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How to disagree effectively?

People often find it scary to disagree with someone, especially in the workplace. They are afraid of starting a conflict or losing the good relationship with their boss.

Yet, the most effective teams and organizations regularly disagree about ideas, goals, strategies, and implementation steps.

Only very few people realize how important it is to speak up your opinion. Today we bring you 6 tips on how to disagree – effectively - with your colleagues, bosses, and coworkers.

1. Don’t hold a conflict when you’re angry, emotional, or upset. You don’t want your emotions to affect your professionalism, arguments or data presentation. When speaking, at any point in a disagreement, stay calm. Your successful disagreement depends on it.

2. Disagreement should not be personal. You are not disagreeing with your coworker because you don’t like her. You are disagreeing based on facts and experience prior team successes and failures, your coworkers’ track record on similar projects, and your organization’s culture. Keep the discussion impersonal and productive.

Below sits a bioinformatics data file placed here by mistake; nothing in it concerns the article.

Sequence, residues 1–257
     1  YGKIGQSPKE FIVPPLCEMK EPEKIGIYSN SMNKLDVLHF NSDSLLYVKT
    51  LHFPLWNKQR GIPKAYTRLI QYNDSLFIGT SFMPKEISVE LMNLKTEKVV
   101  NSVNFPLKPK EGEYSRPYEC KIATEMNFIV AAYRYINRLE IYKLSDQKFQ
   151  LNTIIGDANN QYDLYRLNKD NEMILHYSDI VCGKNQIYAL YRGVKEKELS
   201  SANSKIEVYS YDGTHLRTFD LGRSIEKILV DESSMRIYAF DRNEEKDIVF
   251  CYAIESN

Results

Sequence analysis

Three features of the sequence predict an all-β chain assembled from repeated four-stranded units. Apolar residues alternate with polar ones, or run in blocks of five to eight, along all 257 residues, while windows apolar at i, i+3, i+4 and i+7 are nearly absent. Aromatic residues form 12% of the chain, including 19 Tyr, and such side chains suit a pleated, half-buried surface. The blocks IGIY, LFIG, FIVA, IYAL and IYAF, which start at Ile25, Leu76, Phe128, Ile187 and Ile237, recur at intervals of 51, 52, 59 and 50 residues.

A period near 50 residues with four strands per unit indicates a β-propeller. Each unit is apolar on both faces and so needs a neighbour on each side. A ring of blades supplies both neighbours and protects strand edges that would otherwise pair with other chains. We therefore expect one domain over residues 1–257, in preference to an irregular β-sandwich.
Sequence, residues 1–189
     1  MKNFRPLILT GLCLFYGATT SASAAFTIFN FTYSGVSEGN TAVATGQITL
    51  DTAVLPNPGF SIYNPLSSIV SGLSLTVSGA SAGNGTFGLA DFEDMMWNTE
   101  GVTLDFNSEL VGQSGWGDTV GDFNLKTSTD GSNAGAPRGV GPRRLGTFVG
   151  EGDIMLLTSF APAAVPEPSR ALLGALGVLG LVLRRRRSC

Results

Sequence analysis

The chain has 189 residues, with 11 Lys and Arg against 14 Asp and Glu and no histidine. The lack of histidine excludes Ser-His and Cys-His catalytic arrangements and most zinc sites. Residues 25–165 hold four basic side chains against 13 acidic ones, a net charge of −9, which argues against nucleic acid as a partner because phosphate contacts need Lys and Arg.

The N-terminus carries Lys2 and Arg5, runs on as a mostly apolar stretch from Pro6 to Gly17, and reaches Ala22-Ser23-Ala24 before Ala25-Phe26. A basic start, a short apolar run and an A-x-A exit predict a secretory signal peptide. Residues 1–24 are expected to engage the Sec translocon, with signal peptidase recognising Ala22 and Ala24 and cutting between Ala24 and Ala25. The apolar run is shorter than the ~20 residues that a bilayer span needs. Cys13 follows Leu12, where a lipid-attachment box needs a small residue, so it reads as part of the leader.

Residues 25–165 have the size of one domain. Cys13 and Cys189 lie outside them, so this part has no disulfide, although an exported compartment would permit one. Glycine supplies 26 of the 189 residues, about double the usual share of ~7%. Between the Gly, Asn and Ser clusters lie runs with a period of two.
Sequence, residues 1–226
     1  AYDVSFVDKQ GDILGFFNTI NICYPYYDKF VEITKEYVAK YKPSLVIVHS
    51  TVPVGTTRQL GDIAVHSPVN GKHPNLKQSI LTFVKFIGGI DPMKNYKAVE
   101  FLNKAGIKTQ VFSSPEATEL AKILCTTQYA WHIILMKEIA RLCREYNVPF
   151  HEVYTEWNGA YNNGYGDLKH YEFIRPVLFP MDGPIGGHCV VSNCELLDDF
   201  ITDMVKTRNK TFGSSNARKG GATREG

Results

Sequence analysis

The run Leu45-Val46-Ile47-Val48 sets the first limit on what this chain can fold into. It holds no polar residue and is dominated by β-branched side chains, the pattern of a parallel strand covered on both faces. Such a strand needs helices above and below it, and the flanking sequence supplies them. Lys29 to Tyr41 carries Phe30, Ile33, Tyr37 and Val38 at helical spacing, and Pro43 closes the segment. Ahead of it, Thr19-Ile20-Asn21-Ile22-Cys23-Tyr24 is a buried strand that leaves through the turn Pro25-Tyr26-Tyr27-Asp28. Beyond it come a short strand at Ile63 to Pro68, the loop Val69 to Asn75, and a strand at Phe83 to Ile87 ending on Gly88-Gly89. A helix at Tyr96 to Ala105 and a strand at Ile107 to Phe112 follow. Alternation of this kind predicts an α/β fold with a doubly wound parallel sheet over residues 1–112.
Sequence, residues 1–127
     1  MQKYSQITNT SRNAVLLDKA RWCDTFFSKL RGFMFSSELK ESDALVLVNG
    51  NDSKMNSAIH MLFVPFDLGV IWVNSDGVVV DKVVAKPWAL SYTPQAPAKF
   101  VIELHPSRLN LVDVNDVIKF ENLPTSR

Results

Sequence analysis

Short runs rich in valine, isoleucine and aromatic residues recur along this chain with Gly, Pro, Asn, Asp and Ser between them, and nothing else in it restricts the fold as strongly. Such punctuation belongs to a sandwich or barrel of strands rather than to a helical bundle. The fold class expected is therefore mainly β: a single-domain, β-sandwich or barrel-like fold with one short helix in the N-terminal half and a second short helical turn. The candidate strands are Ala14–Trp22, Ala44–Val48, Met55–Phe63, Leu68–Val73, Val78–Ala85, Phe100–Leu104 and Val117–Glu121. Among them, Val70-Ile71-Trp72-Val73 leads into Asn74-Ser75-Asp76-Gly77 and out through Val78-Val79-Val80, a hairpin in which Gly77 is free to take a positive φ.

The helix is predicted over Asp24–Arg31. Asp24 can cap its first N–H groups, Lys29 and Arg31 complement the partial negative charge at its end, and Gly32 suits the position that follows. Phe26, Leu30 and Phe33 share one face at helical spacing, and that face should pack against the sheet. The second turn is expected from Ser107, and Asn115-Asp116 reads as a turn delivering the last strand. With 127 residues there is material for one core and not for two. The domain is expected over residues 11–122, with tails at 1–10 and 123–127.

3. Only speak for yourself and don’t try to speak for all of the team or department. Avoid phrases such as “We think, …” “In our opinion …” When coworkers speak this way, they think that they are putting weight behind their thoughts but all it does usually is make people angry.

4. You must be open to new ideas and different ways of approaching problems. Why is your way the best way when other ways to obtain the same result? In organizations, employees who can think about optimizing for the whole organization are the people who are promoted.

5. The goal is not to win but to clear the air in any disagreement at work. You want to know that the issues have been carefully discussed and thought about deeply. You want to make sure that your relationship with your colleague is intact.

6. Compromise when necessary. You may not agree on everything, but don’t let that fact keep you from reaching a general agreement on a direction or a solution. You will need to agree to disagree on aspects of the solution or problem solving.

Disagreement can be difficult and many people find it scary. But, if you practice these six approaches to disagreement, you’ll find that most of what you worry about won’t happen.

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